BOSNIAN SERBS RELEASE FOUR BOSNIAN CROATS.
Bosnian Serbs on 2 May released four Bosnian Croats who had been held as suspected war criminals. The release followed a statement by the International Criminal Tribunal for the former Yugoslavia that it will not try the men. The men said they were not harassed during their detention. The Dayton agreement demanded that all prisoners of war be released by 19 January. According to the UN, however, the Bosnian Serbs are still holding seven war crimes suspects and the Bosnian government five. -- Fabian Schmidt

TWO MUSLIM WAR CRIME SUSPECTS ARRESTED.
The Bosnian authorities have arrested two Muslims wanted by the International Criminal Tribunal for the former Yugoslavia, AFP reported on 2 May. It is the first international arrest warrant that has been honored by any of the Bosnian parties. The 31-year-old Hazim Delic is suspected of killing at least 14 people, torture, rape, and beatings. The 23-year-old Esad Landzo is wanted for murder and torture. Both allegedly committed the crimes at the Celebici detention center near Konjic in central Bosnia in 1992. Another Muslim, the 48-year-old Zejnil Delalic, who was arrested by the German authorities on 18 March, is to be handed over to the Tribunal soon. -- Fabian Schmidt

CROATIAN INDEPENDENT PAPER SHUT DOWN.
Croatian state financial police on 1 May closed down the independent Croatian newspaper Panorama for allegedly violating national environmental and property legislation. The paper's deputy editor, Andrej Rora, has publicly speculated that the government's move was in response to statements the paper published criticizing Croatian President Franjo Tudjman. Rora said Panaroma hopes to resume publishing. Reuters meanwhile reported on 2 May that in recent weeks Zagreb authorities have clamped down on independent media. Authorities fined the daily Novi list in April some $2.5 million for alleged unlawful use of equipment imported from Italy. -- Stan Markotich

ZAGREB MUNICIPAL GOVERNMENT DISSOLVED . . .
Croatia's government dissolved Zagreb's democratically elected municipal council on 30 April, following Croatia's Constitutional Court's decision that a budget submitted by the opposition-dominated local authority was illegal. A coalition of opposition parties held a majority of 30-20 seats in the capital following October 1995 elections. Hina reported that the Croatian government has appointed a commissioner to run city affairs for the 60 days prior to new local elections. Representatives from the opposition parties said that the dissolution was not entirely unexpected and that "this [dissolution] is in fact the culmination of Zagreb's undemocratic policies." -- Stan Markotich

. . . AND CROATIAN PRESIDENT CRITICAL OF OPPOSITION.
Croatian President Franjo Tudjman criticized Zagreb's dismissed opposition municipal authorities, saying they were unrepresentative, harmful politically for Croatia, and disrespectful of Croatia's constitution. On 2 May, AFP quoted Tudjman as saying "the rise of Nazism in Germany was made possible by lack of firmness in the democracy. We must therefore stop people who don't represent the majority from coming to power." Tudjman made his remarks in the town of Okucani, some 120 kilometers east of Zagreb, on the first anniversary of Croatia's retaking of Western Slavonia from rebel Serbs. -- Stan Markotich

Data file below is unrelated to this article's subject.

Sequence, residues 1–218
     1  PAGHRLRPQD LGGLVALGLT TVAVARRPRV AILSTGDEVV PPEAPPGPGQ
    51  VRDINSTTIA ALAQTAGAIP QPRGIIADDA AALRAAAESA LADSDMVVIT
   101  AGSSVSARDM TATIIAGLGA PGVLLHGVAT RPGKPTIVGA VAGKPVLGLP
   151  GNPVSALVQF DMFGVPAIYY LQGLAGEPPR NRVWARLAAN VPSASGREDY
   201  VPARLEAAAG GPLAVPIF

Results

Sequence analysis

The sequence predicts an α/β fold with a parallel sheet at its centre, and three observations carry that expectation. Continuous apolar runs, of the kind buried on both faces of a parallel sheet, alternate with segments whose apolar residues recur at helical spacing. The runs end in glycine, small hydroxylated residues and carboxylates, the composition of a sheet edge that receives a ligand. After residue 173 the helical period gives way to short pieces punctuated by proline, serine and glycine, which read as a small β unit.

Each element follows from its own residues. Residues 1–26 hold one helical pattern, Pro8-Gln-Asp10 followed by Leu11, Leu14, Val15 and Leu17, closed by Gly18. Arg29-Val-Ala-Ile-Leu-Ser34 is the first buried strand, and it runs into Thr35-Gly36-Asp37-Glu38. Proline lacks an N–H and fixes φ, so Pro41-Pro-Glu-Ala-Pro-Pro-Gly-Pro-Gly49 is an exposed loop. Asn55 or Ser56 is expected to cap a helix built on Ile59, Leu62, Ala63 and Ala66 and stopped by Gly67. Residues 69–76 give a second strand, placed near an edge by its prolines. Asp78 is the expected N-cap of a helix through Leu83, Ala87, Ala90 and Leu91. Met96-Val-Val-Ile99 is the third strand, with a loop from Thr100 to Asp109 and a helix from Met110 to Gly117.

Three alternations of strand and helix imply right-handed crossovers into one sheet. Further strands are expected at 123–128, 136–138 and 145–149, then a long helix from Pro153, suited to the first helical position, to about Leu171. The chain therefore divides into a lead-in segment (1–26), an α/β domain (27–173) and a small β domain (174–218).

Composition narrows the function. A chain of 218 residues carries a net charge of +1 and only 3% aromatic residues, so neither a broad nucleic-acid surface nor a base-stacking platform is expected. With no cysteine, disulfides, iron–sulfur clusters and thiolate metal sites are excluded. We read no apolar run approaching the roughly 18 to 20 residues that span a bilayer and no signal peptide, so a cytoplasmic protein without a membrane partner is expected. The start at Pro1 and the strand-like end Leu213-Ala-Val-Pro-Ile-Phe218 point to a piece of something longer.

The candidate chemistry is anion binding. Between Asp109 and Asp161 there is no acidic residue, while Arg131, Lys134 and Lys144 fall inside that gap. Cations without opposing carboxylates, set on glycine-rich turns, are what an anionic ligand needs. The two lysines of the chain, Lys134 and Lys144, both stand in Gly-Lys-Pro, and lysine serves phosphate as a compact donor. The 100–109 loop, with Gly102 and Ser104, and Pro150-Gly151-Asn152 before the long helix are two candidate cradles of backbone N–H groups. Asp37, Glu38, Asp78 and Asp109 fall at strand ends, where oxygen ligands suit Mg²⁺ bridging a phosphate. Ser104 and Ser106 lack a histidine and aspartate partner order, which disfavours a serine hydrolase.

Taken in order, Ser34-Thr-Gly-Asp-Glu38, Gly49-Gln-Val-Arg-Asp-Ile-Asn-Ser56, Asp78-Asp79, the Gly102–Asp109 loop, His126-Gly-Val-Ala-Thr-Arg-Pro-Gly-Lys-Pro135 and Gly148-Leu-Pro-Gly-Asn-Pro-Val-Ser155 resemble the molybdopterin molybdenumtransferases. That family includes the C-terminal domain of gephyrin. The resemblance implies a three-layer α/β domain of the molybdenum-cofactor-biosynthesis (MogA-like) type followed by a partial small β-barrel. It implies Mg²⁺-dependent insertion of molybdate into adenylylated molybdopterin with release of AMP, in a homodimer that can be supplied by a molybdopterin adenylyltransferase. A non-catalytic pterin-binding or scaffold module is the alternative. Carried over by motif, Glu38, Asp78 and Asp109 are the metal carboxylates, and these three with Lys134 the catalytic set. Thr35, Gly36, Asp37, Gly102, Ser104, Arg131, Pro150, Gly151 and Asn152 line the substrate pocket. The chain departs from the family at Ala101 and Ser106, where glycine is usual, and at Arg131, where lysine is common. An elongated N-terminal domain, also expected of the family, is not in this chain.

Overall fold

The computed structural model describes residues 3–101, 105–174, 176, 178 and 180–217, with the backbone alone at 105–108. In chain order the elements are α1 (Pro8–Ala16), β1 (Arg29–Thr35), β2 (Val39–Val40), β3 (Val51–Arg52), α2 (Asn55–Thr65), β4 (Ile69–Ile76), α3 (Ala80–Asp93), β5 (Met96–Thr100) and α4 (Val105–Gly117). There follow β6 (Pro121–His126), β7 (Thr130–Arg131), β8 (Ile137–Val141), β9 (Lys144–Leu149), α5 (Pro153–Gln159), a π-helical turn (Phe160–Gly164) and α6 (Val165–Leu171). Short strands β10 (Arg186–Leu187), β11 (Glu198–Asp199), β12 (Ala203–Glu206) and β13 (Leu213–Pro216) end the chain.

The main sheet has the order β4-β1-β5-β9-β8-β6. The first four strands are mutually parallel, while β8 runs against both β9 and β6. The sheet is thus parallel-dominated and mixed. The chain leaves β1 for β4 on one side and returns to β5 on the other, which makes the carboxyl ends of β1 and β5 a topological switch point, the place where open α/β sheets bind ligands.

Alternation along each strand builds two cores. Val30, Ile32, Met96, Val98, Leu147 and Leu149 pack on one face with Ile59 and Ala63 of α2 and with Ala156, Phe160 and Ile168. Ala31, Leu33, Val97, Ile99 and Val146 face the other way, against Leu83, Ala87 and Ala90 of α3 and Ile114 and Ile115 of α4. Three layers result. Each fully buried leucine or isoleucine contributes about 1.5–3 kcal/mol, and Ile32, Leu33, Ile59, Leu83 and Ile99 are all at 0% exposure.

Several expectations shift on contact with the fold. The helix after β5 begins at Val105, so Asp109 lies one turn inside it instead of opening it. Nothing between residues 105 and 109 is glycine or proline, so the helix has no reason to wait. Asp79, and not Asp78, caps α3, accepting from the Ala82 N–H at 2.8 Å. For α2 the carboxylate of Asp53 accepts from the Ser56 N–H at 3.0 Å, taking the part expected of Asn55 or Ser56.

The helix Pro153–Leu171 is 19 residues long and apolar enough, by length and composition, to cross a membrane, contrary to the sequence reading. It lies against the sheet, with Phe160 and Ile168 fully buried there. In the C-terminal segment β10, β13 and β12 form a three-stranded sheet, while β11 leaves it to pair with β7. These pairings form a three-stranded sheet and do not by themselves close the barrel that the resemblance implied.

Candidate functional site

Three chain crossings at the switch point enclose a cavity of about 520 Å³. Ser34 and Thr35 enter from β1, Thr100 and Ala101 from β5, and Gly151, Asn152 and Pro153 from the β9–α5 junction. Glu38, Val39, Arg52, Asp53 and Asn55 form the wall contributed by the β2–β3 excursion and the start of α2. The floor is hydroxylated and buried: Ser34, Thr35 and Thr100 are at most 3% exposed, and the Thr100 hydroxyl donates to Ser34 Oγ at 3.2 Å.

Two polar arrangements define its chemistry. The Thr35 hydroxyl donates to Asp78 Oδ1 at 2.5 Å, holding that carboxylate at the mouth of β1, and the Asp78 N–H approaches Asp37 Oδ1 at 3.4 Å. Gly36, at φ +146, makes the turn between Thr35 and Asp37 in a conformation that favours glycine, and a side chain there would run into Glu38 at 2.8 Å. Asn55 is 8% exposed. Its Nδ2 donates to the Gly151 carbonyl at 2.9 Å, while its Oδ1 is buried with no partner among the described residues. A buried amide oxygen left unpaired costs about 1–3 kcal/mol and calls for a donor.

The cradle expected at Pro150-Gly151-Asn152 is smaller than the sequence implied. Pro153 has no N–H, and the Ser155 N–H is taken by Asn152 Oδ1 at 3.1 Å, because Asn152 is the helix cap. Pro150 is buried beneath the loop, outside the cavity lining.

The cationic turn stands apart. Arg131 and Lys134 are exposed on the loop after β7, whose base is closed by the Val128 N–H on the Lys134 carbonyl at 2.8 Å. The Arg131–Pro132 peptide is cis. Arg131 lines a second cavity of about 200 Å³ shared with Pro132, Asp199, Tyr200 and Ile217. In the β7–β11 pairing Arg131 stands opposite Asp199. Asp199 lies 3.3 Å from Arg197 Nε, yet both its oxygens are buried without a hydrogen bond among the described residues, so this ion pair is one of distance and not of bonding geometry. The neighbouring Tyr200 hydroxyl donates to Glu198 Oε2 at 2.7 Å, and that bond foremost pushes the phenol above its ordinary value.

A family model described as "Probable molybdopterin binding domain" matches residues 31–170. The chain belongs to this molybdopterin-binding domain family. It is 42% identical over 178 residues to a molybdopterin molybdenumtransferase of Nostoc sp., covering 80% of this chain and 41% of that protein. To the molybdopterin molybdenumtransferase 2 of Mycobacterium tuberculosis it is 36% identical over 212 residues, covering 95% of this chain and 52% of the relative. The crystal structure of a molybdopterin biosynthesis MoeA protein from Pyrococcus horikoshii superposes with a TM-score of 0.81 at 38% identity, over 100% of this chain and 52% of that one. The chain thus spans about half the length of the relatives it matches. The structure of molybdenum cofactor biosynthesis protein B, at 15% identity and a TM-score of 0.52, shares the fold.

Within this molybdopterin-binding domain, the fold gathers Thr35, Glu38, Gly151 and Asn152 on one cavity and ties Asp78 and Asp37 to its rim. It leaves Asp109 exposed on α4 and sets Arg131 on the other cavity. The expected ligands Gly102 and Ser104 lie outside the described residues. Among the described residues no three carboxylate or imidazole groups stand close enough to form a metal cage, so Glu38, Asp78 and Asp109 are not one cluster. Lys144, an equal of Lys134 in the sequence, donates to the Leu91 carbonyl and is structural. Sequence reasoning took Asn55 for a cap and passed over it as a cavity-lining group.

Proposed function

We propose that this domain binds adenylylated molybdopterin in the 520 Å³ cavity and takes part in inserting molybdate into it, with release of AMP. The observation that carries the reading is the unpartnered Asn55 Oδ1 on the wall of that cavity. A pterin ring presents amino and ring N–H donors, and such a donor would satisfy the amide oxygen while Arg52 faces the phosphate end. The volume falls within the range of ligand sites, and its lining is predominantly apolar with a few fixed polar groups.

BOSNIAN SERB PREMIER SIDES WITH SERBIAN PRESIDENT.
Rajko Kasagic openly sided with Serbian President Slobodan Milosevic in a move signaling an ever growing rift between the premier and the Bosnian Serb leader Radovan Karadzic. In a 2 May interview with Le Monde, Kasagic said "I feel close to Milosevic; he is a realist." Kasagic, who has in the past sided with Milosevic, is regarded by some observers as a possible successor to Karadzic. -- Stan Markotich

UN HUMAN RIGHTS ENVOY VISITS KOSOVO.
Elisabeth Rehn, after a meeting with shadow state President Ibrahim Rugova, said she was "very concerned" about the situation in Kosovo and called for negotiations with Belgrade under international mediation, AFP reported on 2 May. Rugova declined comment after the meeting. Rehn also visited Velika Reka, where a child was killed in a bomb explosion last week, and met with the head of the Human Rights Council, Adem Demaci. Rehn will later visit the Muslim majority region of Sandzak between Serbia and Montenegro. Elsewhere, Reuters reported that the international community's High Representative Carl Bildt warned that "peace in Bosnia depends on the stability of the whole region and the political leadership in Belgrade; Kosovo and Tirana must seek a political solution and prevent a major crisis." -- Fabian Schmidt

GROUP CLAIMS RESPONSIBILITY FOR KOSOVO VIOLENCE.
An organization calling itself the Kosovo Liberation Army claimed responsibility for recent shootings in which five Serbs were killed last week, AFP reported. The group had sent a letter to the Albanian-language service of the BBC warning that as long as there is "support for the Serb aggressor and disrespect for the requests of the oppressed Albanian people" the armed conflict in Kosovo and the Balkans will continue. The message added that "the armed conflict in Kosovo is a war of liberation...[not] terrorism, interethnic, or religious confrontation." The group made itself known for the first time in February when it claimed responsibility for attacks on Serbian refugees' homes. The Kosovar shadow state government has condemned the attacks. -- Fabian Schmidt